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#31 Old 09-07-2015, 12:17 PM
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If you were to outlaw the production of meat, then it follows that any farm would be illegal. Human trafficking is also illegal. I'm not sure what you're getting at.

The point of the cigarette analogy isn't that smoking cigarettes and eating meat are morally identical. The point is that if you wanted to do away with smoking, you would make the production of cigarettes illegal. You wouldn't throw smokers in jail.

Do you *really* believe that people who are currently eating meat have committed a jailable offense? You think that most people's grandmothers should be locked up? That the majority of the population of the world is guilty and deserving of imprisonment? Really?
We need a complete paradigm shift that changes the culture to prevent people from wanting cigarettes, meat, eggs, underage prostitutes, and circuses. This requires people to think and decide, on their own free will, to stop consuming these "products."

You can achieve 100% compliance by banning the circus in your town, but that will leave most attendees confused and bitter. It's the perfect example of why single-issue campaigns ultimately fail and end up doing more harm than good. The better way to handle it is to educate people about why the circus is bad, and get them to knowingly stop paying for tickets. Lack of demand will make the circus fold, and the circus will be eliminated everywhere, not just in the towns that have banned them. This is part of the NIMBY syndrome - not in my backyard. It's ok over there, just don't bring it here. Banning the circus does nothing to effectively cause the paradigm shift we're looking to achieve.

If meat, eggs, milk, fish, etc., all became socially unacceptable, there would still be an underground demand, and this demand would result in a black market supply. I think that's the point rasitha.wijesekera was making about human trafficking.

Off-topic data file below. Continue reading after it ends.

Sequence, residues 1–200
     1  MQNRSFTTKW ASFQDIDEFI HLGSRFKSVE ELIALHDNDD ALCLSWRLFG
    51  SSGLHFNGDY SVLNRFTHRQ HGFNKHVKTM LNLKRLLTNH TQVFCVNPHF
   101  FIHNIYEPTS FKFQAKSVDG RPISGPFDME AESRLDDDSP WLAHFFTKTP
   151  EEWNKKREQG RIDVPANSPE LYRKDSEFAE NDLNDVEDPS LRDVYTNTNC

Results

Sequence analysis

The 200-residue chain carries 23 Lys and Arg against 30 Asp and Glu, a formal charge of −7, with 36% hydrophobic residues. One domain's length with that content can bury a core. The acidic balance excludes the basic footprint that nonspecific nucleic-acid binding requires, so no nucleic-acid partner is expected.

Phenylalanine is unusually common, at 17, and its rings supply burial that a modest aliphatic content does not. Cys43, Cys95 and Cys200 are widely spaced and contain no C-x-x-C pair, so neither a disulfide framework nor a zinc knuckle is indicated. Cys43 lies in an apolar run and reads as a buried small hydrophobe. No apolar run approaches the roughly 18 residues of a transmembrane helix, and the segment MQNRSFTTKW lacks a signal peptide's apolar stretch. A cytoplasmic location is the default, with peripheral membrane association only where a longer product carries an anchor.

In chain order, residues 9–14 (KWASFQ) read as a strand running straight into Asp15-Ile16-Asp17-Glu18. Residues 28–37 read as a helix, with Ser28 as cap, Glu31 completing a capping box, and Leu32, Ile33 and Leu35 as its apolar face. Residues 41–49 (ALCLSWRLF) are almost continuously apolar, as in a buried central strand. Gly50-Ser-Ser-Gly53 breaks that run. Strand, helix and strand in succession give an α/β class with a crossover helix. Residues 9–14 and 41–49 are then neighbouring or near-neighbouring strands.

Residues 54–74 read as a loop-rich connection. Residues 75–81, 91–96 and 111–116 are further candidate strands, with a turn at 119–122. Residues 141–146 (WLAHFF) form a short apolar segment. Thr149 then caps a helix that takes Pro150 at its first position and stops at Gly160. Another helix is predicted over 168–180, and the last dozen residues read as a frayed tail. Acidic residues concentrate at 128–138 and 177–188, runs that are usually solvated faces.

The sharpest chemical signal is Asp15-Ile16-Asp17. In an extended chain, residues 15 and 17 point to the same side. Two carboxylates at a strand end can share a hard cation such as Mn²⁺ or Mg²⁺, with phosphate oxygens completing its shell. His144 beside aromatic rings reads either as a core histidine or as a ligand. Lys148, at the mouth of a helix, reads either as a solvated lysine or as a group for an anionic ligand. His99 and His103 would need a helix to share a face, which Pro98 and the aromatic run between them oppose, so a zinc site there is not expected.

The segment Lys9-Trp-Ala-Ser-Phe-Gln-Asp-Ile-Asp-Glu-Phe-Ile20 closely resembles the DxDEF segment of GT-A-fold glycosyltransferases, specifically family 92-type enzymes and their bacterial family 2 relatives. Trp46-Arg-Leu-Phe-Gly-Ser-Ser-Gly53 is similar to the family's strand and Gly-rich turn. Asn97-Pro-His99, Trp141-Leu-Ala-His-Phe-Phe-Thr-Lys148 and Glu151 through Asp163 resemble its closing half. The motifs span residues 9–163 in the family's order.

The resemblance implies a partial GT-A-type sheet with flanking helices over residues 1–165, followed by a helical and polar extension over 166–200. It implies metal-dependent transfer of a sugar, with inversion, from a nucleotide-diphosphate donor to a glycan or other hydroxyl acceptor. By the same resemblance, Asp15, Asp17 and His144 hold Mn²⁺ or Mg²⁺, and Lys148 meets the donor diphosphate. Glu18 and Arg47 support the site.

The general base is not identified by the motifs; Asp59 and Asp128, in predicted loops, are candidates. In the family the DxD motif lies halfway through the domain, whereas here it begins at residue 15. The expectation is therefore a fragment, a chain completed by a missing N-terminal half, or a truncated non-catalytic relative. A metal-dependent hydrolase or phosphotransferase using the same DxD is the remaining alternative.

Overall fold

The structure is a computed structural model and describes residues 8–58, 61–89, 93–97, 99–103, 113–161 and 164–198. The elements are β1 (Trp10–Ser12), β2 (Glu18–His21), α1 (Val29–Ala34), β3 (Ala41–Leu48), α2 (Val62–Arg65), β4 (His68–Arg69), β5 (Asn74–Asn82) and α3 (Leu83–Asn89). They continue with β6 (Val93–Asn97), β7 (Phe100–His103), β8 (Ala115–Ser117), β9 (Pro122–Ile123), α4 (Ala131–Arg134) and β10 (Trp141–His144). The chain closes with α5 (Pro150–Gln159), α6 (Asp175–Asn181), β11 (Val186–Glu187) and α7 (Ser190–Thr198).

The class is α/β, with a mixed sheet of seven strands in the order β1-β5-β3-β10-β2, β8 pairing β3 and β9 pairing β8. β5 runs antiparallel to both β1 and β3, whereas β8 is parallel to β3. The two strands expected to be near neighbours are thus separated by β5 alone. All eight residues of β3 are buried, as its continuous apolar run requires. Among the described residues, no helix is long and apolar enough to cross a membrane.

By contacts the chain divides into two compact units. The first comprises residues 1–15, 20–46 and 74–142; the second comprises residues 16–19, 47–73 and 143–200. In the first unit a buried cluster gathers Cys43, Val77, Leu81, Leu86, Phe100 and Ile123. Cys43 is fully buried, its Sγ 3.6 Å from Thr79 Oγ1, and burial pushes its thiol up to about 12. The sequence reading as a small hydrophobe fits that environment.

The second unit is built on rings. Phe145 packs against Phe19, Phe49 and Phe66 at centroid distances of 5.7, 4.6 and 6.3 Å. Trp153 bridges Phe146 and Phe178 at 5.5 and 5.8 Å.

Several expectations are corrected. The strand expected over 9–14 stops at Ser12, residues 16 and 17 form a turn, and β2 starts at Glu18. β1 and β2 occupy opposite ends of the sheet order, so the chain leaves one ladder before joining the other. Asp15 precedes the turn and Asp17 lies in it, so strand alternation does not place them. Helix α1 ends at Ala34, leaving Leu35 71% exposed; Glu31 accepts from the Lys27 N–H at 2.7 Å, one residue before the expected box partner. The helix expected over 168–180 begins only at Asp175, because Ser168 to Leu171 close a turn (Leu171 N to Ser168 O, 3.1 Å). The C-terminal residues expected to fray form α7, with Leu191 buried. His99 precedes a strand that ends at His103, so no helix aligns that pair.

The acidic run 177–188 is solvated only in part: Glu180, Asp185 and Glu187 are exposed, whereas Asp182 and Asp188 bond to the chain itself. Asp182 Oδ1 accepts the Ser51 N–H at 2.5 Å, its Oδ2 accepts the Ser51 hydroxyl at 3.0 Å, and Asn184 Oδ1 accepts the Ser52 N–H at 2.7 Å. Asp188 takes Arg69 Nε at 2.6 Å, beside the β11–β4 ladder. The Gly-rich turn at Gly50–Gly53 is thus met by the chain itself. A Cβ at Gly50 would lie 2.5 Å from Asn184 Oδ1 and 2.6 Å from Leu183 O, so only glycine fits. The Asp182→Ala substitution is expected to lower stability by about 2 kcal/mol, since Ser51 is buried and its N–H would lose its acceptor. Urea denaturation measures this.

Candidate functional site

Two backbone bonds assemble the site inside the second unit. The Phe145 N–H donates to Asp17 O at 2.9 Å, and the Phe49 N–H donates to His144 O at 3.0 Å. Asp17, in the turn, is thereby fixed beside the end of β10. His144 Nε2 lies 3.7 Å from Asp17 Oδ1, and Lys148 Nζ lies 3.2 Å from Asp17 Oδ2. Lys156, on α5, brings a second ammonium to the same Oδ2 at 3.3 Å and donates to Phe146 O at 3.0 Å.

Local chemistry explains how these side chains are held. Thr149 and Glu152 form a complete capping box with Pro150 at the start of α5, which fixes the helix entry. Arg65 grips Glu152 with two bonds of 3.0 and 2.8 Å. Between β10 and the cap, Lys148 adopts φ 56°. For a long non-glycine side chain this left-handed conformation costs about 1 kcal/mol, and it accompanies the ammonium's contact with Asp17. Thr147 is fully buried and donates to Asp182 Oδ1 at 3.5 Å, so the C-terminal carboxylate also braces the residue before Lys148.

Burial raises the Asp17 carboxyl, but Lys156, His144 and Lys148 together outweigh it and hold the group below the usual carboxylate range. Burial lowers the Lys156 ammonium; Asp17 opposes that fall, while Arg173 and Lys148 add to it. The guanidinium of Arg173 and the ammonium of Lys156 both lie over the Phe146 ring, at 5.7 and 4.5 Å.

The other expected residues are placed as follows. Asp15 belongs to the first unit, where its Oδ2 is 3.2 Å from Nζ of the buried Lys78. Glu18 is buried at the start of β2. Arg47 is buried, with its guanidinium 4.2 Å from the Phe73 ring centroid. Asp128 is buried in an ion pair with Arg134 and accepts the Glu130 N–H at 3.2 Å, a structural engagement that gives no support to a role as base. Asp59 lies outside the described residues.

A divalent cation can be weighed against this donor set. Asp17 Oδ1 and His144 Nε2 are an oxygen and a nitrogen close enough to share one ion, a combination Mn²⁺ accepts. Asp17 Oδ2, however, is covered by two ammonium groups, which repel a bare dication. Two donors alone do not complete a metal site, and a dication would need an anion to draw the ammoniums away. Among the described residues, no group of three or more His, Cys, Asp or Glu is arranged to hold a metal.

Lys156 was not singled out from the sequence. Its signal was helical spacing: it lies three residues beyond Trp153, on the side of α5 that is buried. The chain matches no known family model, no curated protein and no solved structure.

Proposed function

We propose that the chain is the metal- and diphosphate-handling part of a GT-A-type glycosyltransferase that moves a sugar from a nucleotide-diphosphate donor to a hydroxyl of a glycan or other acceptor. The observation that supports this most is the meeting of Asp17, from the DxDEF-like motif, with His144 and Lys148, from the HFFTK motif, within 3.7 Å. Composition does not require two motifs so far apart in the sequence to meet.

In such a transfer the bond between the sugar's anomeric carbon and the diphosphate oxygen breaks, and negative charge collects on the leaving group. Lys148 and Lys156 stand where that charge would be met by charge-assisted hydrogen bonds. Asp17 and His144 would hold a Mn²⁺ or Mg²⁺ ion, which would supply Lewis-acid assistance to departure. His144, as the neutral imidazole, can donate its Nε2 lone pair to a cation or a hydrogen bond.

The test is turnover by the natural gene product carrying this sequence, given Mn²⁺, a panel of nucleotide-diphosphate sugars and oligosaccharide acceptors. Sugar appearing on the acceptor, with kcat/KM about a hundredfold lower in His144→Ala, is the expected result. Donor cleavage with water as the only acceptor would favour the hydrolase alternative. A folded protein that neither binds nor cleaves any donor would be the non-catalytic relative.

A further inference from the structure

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#32 Old 09-07-2015, 12:29 PM
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This post started off great and then went completely off the rails. Whole Foods was started as a tiny store that sold only vegan products. When asked why they got in bed with HSUS and "happy" meat producers, CEO John Mackey explained, "This is what people want."

All that matters in a free market is supply and demand. It's true that the suppliers try to manipulate the end users into buying more more more, but if the consumers were both smart enough to resist the manipulation of advertising and compassionate enough to recognize that harming animals is wrong, they'd all stop buying. Whether you kill an animal personally and then eat the corpse or kill the animal by remote control (by paying someone else to do the killing for you, behind closed doors, so you don't have to get your hands dirty or even witness the barbarity of it) doesn't matter. It's your consumption of the animal that causes that animal to be bred for the sole purpose of being killed. Truck drivers, butchers, and store owners in the middle of the supply chain are acting immorally, but they're only middle men.

The two quotes that forced me into veganism when I really didn't want any part of it (I was happily ovo-lacto-veg and great at rationalizing that decision) were from Gandhi and Thoreau. First, the Gandhi quote said, "What you do may be insignificant, but it's very important that you do it." The quote from Thoreau, when combined with the Gandhi quote, made it all click for me: "Only individuals act. Therefore, only individuals act unjustly."

As the end user and final consumer of eggs and milk, I was the individual acting unjustly and causing harm to cows and chickens. As you stated, if everyone stopped consuming animal products, demand would dry up, and production would decrease until it finally reached zero. Trying to blame producers, transporters, suppliers, etc., is merely a red herring. That's not to say they're blameless. But they're merely accomplices. The actual criminals are the end consumers, who as rasitha.wijesekera accurately pointed out, usually tend to defend their actions even when confronted with the most damning evidence.

I'm guilty of it. First I rationalized eating meat by excusing it through moral relativism, although I didn't know the name of it at the time. After I stopped eating meat, I rationalized eating eggs and milk by believing that it was possible, at least in theory, to produce eggs and milk for human consumption harmlessly. And in turn, just because no human was smart enough to figure out how to harmlessly put these theories into practice on a massive scale, I had decided that wasn't my fault, and I was going to blame the producers for the harm suffered, rather than blaming myself. Gandhi and Thoreau combined to beat some sense into me and I haven't looked back since. I could no longer blame the advertisers, farmers, society, culture, etc.